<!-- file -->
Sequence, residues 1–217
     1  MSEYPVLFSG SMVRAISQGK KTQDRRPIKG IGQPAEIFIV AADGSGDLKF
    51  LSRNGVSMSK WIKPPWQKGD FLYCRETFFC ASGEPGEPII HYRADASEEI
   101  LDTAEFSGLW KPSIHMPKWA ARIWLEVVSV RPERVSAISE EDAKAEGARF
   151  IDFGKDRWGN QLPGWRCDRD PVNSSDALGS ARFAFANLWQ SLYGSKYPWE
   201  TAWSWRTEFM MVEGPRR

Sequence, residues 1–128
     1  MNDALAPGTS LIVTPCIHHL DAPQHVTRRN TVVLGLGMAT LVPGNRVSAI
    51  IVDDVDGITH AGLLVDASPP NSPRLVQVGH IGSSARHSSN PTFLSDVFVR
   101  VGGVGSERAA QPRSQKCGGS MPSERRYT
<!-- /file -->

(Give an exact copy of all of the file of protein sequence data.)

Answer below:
Sequence, residues 1–217
     1  MSEYPVLFSG SMVRAISQGK KTQDRRPIKG IGQPAEIFIV AADGSGDLKF
    51  LSRNGVSMSK WIKPPWQKGD FLYCRETFFC ASGEPGEPII HYRADASEEI
   101  LDTAEFSGLW KPSIHMPKWA ARIWLEVVSV RPERVSAISE EDAKAEGARF
   151  IDFGKDRWGN QLPGWRCDRD PVNSSDALGS ARFAFANLWQ SLYGSKYPWE
   201  TAWSWRTEFM MVEGPRR

Sequence, residues 1–128
     1  MNDALAPGTS LIVTPCIHHL DAPQHVTRRN TVVLGLGMAT LVPGNRVSAI
    51  IVDDVDGITH AGLLVDASPP NSPRLVQVGH IGSSARHSSN PTFLSDVFVR
   101  VGGVGSERAA QPRSQKCGGS MPSERRYT